Red Queen Hypothesis – The Evolution of Sexual …
Aristotle’s research in the sciences included a study of biology. He attempted, with some error, to classify animals into genera based on their similar characteristics. He further classified animals into species based on those that had red blood and those that did not. The animals with red blood were mostly vertebrates, while the “bloodless” animals were labeled cephalopods. Despite the relative inaccuracy of his hypothesis, Aristotle’s classification was regarded as the standard system for hundreds of years.
Red Queen Hypothesis - WikiVisually
Leigh Van Valen (who died last month) is well known for being an original thinker. It is perhaps not surprising, then, that the only way he could publish his most famous idea was to start a journal to print it in. Because of this, the paper is devilishly hard to get hold of: I managed to get a photocopy, with only one page of references missing.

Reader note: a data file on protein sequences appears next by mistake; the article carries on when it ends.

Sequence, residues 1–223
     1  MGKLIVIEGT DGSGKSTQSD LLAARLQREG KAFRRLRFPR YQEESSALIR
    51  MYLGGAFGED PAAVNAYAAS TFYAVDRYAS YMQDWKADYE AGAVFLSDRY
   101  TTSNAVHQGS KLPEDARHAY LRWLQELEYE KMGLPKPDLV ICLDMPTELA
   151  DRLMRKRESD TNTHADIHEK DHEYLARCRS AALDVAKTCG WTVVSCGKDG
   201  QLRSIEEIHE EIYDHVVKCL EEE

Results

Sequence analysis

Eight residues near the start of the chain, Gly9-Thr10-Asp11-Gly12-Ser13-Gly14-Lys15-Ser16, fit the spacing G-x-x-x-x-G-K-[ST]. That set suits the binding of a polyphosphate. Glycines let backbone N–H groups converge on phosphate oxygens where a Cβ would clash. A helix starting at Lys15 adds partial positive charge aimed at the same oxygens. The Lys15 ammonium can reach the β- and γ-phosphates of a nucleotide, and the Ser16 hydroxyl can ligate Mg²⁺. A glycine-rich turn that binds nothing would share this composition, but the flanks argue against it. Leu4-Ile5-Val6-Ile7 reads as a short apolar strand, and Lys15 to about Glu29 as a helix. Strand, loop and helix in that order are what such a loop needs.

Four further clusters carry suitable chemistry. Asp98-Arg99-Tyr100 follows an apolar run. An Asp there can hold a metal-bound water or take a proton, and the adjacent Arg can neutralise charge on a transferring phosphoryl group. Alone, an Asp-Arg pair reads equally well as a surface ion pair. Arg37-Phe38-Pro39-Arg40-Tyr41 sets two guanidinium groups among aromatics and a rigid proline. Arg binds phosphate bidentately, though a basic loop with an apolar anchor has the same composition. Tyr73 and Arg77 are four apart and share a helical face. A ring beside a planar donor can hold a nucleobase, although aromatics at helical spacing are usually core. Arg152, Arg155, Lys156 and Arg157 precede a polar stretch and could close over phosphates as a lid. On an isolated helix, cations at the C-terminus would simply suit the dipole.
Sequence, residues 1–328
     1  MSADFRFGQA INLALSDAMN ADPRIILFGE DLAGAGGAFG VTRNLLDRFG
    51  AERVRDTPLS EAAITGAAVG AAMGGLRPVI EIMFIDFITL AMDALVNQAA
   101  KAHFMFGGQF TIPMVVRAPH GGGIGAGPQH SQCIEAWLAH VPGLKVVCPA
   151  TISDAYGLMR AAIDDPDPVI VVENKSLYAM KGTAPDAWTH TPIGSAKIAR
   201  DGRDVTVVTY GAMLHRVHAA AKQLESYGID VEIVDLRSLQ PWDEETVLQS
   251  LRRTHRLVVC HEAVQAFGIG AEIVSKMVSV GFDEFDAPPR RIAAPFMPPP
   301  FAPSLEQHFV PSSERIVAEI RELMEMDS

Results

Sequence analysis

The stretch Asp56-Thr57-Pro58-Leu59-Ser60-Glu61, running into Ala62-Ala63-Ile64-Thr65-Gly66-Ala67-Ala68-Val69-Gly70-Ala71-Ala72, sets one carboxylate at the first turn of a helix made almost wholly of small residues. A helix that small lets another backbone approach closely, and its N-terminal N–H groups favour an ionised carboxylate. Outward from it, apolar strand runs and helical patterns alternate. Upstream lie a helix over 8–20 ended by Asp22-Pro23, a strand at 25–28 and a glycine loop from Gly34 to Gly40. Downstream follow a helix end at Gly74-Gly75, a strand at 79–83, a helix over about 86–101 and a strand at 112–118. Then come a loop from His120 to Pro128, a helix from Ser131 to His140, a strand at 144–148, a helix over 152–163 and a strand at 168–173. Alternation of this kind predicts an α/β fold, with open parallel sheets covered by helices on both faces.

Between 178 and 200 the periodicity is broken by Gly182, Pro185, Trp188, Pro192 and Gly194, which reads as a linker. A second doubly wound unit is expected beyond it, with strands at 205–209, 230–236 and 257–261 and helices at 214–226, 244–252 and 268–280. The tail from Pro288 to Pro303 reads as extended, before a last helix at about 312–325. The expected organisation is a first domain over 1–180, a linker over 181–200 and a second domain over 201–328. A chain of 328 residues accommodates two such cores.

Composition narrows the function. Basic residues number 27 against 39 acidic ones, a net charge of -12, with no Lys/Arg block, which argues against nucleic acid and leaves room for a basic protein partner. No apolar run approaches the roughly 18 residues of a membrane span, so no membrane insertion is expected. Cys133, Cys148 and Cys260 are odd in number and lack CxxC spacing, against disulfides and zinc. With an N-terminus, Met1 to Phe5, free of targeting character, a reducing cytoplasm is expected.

This idea dates back to 1973, and is now called the “Red Queen hypothesis”: that fitness is constant over time because of continual changes in the environment. Although this is the way the hypothesis is stated, it is a subtle mis-representation of the original idea. This is because it has been morphed into something a bit different, when the idea was ripped from its palaeontological roots into the world of population and evolutionary genetics.
The Red Queen does not need changes in the physical environment, although she can accommodate them. Biotic forces provide the basis for a self-driving (at this level) perpetual motion of the effective environment and so of the evolution of the species affected by it.